The EERA Joint Programme on Nuclear Materials (JP NM) has revised its scope and its structure, opening to new cross-cutting issues including aspects of circularity and life cycle assessment. The new JP's structure is based on four sub-programmes devoted to materials science approaches rather than specific materials classes.
Until recently, the Research and Development (R&D) within the EERA JP Nuclear Materials (NM) has been mainly oriented to establishing the materials pathways towards the design of fourth generation (GenIV) nuclear reactor European prototypes and then towards the corresponding commercial systems. However, it is now clear that the deployment of GenIV reactors remains fairly far in the future, while the climate emergency forces scientists and engineers to propose rapid solutions, using existing or at least rapidly developable technologies, rather than relying on long-term developments.
Small/modular reactors, starting from light water systems, seem to currently be the path to be followed in the direction of better flexibility and adaptability to different uses, in co-habitation and collaboration with renewables (hybrid systems, industrial and district heat, hydrogen production, …). In parallel, materials solutions that enable costs to be abated with equal or improved efficiency and safety, in the case of either the long-term operation of existing nuclear power plant or new builds, can contribute to making nuclear energy more sustainable, from all points of view.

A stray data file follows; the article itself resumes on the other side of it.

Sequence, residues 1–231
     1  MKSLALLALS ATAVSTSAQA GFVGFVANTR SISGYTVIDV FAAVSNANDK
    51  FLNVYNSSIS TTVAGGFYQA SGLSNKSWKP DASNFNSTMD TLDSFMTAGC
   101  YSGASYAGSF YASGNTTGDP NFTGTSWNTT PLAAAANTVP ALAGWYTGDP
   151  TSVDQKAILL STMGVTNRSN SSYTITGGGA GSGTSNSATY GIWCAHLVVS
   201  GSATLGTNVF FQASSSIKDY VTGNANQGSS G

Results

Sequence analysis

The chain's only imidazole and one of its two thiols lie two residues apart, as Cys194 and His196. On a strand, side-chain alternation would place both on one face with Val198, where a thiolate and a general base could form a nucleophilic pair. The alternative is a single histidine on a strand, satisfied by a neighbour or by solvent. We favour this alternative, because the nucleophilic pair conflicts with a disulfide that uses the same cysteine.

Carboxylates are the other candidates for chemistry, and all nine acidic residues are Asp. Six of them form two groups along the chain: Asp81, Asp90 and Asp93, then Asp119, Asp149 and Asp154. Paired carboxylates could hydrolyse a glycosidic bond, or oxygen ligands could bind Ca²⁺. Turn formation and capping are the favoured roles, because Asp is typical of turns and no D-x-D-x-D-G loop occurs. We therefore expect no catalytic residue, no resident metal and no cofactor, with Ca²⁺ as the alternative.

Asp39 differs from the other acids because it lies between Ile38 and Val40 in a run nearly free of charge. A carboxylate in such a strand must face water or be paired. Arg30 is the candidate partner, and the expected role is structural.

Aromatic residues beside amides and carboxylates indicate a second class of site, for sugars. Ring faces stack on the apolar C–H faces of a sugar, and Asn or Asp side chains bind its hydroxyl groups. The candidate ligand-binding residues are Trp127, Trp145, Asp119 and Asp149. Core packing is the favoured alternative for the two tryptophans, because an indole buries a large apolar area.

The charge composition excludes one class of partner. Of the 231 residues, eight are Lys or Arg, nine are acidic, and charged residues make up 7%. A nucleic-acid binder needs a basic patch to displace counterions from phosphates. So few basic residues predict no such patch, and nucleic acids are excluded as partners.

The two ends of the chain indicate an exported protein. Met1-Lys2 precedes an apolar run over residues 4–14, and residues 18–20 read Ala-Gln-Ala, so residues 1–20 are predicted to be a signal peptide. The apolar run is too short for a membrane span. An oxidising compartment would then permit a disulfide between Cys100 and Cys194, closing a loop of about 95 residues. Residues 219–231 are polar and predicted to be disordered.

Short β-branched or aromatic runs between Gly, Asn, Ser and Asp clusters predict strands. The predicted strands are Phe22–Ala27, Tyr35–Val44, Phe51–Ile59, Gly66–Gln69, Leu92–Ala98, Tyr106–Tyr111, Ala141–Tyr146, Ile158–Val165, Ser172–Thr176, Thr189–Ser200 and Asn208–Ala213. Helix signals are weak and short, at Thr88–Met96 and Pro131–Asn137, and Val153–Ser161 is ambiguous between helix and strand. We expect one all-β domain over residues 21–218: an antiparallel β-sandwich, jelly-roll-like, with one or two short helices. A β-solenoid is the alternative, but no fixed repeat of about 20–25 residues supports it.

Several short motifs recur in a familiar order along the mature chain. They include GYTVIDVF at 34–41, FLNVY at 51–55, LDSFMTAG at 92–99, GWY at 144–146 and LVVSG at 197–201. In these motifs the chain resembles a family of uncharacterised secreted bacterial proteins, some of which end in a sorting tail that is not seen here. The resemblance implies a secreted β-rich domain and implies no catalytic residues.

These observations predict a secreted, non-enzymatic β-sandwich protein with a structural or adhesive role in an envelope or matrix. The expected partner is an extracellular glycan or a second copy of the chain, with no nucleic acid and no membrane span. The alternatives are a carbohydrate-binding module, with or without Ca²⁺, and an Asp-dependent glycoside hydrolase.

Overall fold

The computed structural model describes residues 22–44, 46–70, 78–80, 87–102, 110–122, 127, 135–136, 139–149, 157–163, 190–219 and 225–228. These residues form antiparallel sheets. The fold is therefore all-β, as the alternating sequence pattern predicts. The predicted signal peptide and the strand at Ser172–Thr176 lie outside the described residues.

Finally, aspects of circularity and life cycle assessment, that range from a closer attention to the supply of materials, the monitoring of material and component health in operation and recyclability or reusability, are necessarily becoming points of specific attention.
The EERA JP NM motto “increase the sustainability of nuclear energy by focusing on materials issues” requires, accordingly, a wider interpretation than only “materials for GenIV fast reactors”, motivating a revision of the scope, an opening to new issues, but also a rethinking of its way of functioning.
This opening to cross-cutting materials issues is reflected in the new structure of the JP NM. This new structure is based on four sub-programmes that are devoted to materials science approaches rather than specific materials classes. It makes the extension of the research portfolio to include new classes of materials much easier.